Spatial Geometry and the Circuit of Energy

Certain spatial geometries have been widely viewed, in various cultures and historical periods, as having particular potency:

Architecture depends upon Order, Arrangement, Eurythmy, Symmetry, Propriety, and Economy. (Vitruvius 1960, 13)
Eurythmy is beauty and fitness in the adjustments of the members ... where they all correspond symmetrically. (Vitruvius 1960, 14)
Geometry is the language of man [meeting the] necessity for order. (Le Corbusier 1930, 72)
A regulating line is an assurance against capriciousness: it is a means of verification which can ratify all work created in a fervour. (Le Corbusier 1930, 75)
A high proportion of successful theatres are set out according to the principles of what has become known as ‘sacred geometry’. The word ‘sacred’ should not suggest that a faith must first be embraced if one is to understand its power. Nor should ‘geometry’ suggest the rigid straitjacket of a grid which forces form into inflexible patterns. Rather should one think of it as a system of dynamic spatial harmony, dynamic because theatre space is to be arranged not for repose but to encourage the movement of energy, spatial for obvious reasons and harmony because it is concerned with proportions analogous to the harmonies in music. (Mackintosh 1993, 161-2)
Schechner regards it as axiomatic that three primary transactions comprise the theatrical event: (1) between performers, (2) between audience members, (3) between performers and audience. The position of detached subject vanishes from this conception of theatre because no-one can stand outside these transactions. At stake here, fundamentally, is the subject-object relationship. (Wiles 2003, 3)
In the theatre, due to the live presence of both spectators and performers, the energy circulates from performer to spectator and back again, from spectator to performer and back again. (McAuley 2000, 246)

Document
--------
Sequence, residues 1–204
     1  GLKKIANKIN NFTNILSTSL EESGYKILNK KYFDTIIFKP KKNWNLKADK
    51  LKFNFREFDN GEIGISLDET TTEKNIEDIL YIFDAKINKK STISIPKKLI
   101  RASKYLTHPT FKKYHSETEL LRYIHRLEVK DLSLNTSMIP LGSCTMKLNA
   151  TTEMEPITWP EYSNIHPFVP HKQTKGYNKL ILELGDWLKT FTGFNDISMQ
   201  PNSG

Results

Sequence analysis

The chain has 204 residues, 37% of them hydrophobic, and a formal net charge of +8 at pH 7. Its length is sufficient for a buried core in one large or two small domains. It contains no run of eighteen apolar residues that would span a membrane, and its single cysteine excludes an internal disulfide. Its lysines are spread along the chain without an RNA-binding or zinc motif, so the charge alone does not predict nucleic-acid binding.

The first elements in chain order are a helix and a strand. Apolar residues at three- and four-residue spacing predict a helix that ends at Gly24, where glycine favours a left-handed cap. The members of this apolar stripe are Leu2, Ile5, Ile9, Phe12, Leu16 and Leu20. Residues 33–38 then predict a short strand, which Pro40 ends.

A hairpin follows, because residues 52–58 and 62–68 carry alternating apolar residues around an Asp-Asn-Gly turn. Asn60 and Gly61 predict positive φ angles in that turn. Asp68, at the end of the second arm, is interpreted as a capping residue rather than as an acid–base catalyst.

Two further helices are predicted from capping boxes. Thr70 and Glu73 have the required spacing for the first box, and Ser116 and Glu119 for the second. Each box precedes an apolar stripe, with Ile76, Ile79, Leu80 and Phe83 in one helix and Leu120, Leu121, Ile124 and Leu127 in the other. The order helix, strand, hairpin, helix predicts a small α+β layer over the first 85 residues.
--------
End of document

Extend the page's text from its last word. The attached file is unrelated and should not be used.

If you stand on the stage of a “proper” theatre, there is a circuit of energy flowing out to the audience and back to the performer again. [In the Olivier theatre of the National Theatre, London] the circuit wasn’t completed. The energy going out of me did not come back. Instead of being recharged, like a dynamo, I felt like a battery running down. (Albert Finney in Mackintosh 1993, 154-5)
Although this energy flows chiefly from performer to audience the performer is rendered impotent unless he or she receives in return a charge from the audience. This can be laughter in a farce, a shared sense of awe in tragedy and even a physical reciprocity to the achievement of dancer or actor. The energy must flow both ways so that the two forces fuse together to create an ecstasy which is comparable only to that experienced in a religious or sexual encounter. (Mackintosh 1993, 172)
Facial expressions are much less involuntary responses to inner stimuli than social signs [and] the distinction between genuine, spontaneous expressions and simulated, deceptive expressions is far from clear-cut. Happy people smile more in the company of others than when alone … and viewers of films react more demonstratively when observed by others than when unobserved. (Bogue 2003, 87-8)

To connect the lighting artist into the circuit in order to heighten her or his sensitivity to the audience’s response, s/he must not only be positioned so as to experience the activity of the stage as a representative spectator might experience it, but also be able to see the facial expressions of spectators; furthermore, to be a fully participating element in the circuit, the lighting artist must be able to be seen by the audience.

I love watching the lighting operator as part of the performance and always have. Equally, as a lighting operator, I’ve always enjoyed being part of the performance, both in terms of controlling things ‘live’ (rather than just pressing ‘go’), and being appreciated by the audience. For this reason I used to love the old control position in the centre of the circle at the Southampton Mayflower, surrounded by and completely exposed to the audience. I felt more connected with the show as a whole because of that ‘lift’ from the crowd. Of course, whether they appreciated having this noisy device with its clicky keys and bright screen in the line-of-sight from their expensively purchased seats is another matter, and for whatever reason (I suspect the economics of having more tickets to sell, and when the ‘older generation’ electrician that loved and defended it gave way to younger technicians who’d rather watch TV or play video games while notionally ‘running’ the show) that control position is gone. (Rob Halliday, lighting designer and programmer, personal email)